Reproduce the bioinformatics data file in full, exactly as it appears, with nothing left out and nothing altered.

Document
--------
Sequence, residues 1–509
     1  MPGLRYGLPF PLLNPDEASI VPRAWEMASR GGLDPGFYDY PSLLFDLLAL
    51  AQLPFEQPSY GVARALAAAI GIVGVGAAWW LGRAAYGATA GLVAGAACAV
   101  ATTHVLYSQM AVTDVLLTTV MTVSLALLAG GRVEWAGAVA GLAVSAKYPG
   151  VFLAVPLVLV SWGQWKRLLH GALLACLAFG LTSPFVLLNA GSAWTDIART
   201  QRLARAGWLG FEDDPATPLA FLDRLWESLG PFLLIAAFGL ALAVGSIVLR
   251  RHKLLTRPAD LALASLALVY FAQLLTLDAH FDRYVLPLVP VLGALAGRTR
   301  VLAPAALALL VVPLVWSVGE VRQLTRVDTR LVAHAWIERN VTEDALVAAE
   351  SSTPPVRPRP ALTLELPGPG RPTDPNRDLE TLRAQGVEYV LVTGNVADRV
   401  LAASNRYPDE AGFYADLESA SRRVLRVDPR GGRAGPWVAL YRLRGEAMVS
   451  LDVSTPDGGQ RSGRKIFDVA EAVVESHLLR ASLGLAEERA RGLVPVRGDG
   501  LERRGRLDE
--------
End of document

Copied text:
Sequence, residues 1–509
     1  MPGLRYGLPF PLLNPDEASI VPRAWEMASR GGLDPGFYDY PSLLFDLLAL
    51  AQLPFEQPSY GVARALAAAI GIVGVGAAWW LGRAAYGATA GLVAGAACAV
   101  ATTHVLYSQM AVTDVLLTTV MTVSLALLAG GRVEWAGAVA GLAVSAKYPG
   151  VFLAVPLVLV SWGQWKRLLH GALLACLAFG LTSPFVLLNA GSAWTDIART
   201  QRLARAGWLG FEDDPATPLA FLDRLWESLG PFLLIAAFGL ALAVGSIVLR
   251  RHKLLTRPAD LALASLALVY FAQLLTLDAH FDRYVLPLVP VLGALAGRTR
   301  VLAPAALALL VVPLVWSVGE VRQLTRVDTR LVAHAWIERN VTEDALVAAE
   351  SSTPPVRPRP ALTLELPGPG RPTDPNRDLE TLRAQGVEYV LVTGNVADRV
   401  LAASNRYPDE AGFYADLESA SRRVLRVDPR GGRAGPWVAL YRLRGEAMVS
   451  LDVSTPDGGQ RSGRKIFDVA EAVVESHLLR ASLGLAEERA RGLVPVRGDG
   501  LERRGRLDE